The Best Lands for Your Deck in Magic: The Gathering! Part 1 – Basics and the Duals

The Best Lands for Your Deck in Magic: The Gathering! Part 1 – Basics and the Duals

With the recently released Zendikar Rising, it’s a good idea to go back to the fundamentals and look at something the Plane is known for – Lands! In the first of this multi-part series we’ll be looking at the Basic Lands of the game, OG (original) Duals, Fetches and Shock Lands. These are the most commonly-used or versatile Lands in the game.

Basic Lands: Where Life Begins

Without Basic Lands – the very foundation of Magic: the Gathering – there simply can be no magic. There are five Basic Lands, and each produces a single coloured Mana.

Plains: White Mana MTG white mana symbol
Island: Blue Mana
Swamp: Black Mana
Mountain: Red Mana
Forest: Green Mana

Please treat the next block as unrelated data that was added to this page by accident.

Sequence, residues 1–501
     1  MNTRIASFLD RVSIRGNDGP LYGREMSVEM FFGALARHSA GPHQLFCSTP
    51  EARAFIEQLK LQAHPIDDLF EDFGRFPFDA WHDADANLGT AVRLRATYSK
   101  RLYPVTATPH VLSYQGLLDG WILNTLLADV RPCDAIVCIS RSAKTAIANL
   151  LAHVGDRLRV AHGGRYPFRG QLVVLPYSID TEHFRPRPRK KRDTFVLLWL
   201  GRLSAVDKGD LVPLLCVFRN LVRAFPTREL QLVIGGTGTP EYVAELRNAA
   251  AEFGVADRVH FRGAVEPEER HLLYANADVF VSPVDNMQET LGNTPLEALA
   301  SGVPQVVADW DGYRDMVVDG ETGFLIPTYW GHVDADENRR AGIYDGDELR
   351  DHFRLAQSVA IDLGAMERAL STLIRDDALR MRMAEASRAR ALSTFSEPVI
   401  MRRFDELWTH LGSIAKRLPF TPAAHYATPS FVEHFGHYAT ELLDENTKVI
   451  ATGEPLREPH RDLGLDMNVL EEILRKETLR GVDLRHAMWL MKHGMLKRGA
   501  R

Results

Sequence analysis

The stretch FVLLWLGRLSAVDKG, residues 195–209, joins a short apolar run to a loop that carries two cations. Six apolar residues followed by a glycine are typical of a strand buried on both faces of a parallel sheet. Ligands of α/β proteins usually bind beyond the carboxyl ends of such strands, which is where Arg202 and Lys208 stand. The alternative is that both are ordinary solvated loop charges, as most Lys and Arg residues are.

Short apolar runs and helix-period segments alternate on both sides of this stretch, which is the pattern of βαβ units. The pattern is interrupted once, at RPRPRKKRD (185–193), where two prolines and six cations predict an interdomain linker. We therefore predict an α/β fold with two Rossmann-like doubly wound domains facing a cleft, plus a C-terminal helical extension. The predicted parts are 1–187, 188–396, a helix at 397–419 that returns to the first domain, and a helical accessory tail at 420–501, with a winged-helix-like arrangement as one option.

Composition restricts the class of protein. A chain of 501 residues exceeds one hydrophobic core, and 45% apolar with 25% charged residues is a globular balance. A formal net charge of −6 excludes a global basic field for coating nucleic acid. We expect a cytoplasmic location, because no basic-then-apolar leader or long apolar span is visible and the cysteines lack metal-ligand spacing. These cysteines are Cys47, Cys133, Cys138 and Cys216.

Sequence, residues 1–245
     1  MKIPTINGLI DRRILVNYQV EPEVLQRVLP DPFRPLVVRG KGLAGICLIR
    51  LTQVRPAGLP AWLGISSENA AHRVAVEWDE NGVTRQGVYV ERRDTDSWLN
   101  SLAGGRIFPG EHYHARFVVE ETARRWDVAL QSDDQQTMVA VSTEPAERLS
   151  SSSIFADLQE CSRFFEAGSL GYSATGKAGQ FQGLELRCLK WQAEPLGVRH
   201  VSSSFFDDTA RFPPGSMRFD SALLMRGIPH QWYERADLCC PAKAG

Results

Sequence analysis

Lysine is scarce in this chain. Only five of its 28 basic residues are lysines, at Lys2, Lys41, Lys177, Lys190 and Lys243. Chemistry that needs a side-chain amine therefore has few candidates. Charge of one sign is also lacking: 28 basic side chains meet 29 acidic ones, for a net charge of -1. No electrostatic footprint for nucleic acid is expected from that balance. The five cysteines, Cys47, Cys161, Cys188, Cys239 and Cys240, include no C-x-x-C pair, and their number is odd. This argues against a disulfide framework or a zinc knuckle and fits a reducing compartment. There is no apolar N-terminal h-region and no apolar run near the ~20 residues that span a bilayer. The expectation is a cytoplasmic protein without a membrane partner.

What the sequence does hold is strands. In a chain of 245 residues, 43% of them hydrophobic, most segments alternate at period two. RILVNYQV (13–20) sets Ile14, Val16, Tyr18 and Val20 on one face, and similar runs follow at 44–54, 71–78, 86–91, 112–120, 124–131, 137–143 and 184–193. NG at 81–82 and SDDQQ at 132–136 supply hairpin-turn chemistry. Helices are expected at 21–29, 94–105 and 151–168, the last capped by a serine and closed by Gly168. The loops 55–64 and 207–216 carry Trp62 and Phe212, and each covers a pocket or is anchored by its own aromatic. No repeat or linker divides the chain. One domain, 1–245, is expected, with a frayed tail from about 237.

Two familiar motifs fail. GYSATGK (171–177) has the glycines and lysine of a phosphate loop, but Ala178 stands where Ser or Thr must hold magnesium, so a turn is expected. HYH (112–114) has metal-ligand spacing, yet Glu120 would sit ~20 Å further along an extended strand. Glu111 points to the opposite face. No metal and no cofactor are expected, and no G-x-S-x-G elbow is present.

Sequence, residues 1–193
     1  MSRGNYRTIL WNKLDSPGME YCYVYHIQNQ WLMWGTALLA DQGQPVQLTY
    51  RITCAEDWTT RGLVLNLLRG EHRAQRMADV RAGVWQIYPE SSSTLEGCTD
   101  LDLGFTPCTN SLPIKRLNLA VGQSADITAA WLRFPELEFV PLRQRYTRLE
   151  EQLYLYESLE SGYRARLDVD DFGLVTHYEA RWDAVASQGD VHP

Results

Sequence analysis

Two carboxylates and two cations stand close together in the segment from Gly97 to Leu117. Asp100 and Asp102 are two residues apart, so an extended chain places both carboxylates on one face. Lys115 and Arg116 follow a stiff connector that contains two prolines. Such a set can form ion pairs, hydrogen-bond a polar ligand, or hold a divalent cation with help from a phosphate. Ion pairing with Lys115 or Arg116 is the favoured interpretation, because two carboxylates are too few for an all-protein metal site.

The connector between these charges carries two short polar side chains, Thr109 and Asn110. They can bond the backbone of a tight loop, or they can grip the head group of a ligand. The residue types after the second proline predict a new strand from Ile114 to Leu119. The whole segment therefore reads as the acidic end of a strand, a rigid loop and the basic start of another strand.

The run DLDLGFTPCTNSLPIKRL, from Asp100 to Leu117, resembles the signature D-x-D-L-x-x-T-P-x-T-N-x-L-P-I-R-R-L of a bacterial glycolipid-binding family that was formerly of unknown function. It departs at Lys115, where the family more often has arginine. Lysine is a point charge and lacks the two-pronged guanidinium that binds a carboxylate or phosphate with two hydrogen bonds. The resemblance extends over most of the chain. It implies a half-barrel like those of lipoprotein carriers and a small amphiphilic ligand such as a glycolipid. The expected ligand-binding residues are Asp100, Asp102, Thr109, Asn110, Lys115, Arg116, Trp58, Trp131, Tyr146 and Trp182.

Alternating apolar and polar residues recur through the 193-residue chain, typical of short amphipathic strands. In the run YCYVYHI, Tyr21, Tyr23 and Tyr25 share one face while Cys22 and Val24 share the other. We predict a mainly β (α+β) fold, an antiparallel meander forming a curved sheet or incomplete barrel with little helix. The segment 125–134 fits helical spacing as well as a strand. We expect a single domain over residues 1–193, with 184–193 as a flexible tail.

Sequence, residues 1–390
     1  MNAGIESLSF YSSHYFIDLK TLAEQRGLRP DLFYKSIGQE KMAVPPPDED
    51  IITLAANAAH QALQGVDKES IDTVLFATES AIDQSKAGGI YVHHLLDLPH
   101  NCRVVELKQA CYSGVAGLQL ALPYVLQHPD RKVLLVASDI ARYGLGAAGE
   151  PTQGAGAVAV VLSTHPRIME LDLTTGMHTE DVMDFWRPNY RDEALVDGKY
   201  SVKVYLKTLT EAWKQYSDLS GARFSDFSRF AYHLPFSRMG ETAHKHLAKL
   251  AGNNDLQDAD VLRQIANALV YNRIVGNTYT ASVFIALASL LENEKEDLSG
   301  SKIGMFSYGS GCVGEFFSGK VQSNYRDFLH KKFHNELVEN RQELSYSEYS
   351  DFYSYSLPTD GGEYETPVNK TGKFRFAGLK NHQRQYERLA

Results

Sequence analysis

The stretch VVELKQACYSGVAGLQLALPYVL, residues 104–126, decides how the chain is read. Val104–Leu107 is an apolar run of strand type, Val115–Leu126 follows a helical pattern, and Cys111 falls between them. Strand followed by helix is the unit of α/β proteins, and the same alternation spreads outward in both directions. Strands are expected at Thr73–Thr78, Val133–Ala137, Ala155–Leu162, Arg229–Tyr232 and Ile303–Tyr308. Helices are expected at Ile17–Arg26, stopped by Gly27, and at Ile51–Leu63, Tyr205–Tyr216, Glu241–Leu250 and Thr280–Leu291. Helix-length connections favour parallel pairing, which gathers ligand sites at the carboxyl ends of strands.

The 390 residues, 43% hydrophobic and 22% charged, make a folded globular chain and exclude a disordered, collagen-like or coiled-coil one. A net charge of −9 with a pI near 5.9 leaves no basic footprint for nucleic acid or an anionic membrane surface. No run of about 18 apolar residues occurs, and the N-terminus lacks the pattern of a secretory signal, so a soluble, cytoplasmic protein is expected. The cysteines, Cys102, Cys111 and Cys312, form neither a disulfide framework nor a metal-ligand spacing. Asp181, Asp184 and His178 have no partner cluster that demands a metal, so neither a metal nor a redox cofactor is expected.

The Land system of MTG has been a contentious topic for debate over the years. The inability to draw Lands can cause a World Champion to lose against a one-month-old player. Yes, Lands are that important. (And frustrating?)

Why Care About Lands?

Lands are the foundation of every MTG deck
“Evolving Wilds” by Andreas Roccha

Some players don’t find Lands to be particularly interesting, what with all the fancy spells flying around. However, the more experienced players know that the power beneath the mana bases available are indicative of the speed and power of any format. Lands that enter Tapped essentially slow the player by an entire turn can be back-breaking in faster formats.

Lands can also eat a big part of a player’s budget. Giving consideration to budget Mana Bases can ease entry into eternal constructed formats.